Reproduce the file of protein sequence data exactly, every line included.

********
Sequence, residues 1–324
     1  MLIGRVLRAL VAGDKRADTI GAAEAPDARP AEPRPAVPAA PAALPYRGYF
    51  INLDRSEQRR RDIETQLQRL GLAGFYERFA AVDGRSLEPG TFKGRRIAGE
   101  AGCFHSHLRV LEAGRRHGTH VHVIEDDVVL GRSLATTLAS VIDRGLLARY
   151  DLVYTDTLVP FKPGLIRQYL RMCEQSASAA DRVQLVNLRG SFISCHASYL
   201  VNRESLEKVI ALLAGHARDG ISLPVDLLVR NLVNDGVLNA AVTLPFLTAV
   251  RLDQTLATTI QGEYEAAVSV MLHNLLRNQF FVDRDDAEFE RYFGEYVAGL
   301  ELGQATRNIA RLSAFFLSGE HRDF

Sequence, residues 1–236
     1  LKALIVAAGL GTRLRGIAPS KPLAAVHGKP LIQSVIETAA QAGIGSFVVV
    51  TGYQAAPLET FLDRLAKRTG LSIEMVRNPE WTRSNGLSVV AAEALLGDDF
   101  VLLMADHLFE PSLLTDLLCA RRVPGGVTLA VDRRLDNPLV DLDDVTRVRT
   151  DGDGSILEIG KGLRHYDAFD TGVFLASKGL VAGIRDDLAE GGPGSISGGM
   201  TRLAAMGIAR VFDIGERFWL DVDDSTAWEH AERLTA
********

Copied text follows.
Sequence, residues 1–324
     1  MLIGRVLRAL VAGDKRADTI GAAEAPDARP AEPRPAVPAA PAALPYRGYF
    51  INLDRSEQRR RDIETQLQRL GLAGFYERFA AVDGRSLEPG TFKGRRIAGE
   101  AGCFHSHLRV LEAGRRHGTH VHVIEDDVVL GRSLATTLAS VIDRGLLARY
   151  DLVYTDTLVP FKPGLIRQYL RMCEQSASAA DRVQLVNLRG SFISCHASYL
   201  VNRESLEKVI ALLAGHARDG ISLPVDLLVR NLVNDGVLNA AVTLPFLTAV
   251  RLDQTLATTI QGEYEAAVSV MLHNLLRNQF FVDRDDAEFE RYFGEYVAGL
   301  ELGQATRNIA RLSAFFLSGE HRDF

Sequence, residues 1–236
     1  LKALIVAAGL GTRLRGIAPS KPLAAVHGKP LIQSVIETAA QAGIGSFVVV
    51  TGYQAAPLET FLDRLAKRTG LSIEMVRNPE WTRSNGLSVV AAEALLGDDF
   101  VLLMADHLFE PSLLTDLLCA RRVPGGVTLA VDRRLDNPLV DLDDVTRVRT
   151  DGDGSILEIG KGLRHYDAFD TGVFLASKGL VAGIRDDLAE GGPGSISGGM
   201  TRLAAMGIAR VFDIGERFWL DVDDSTAWEH AERLTA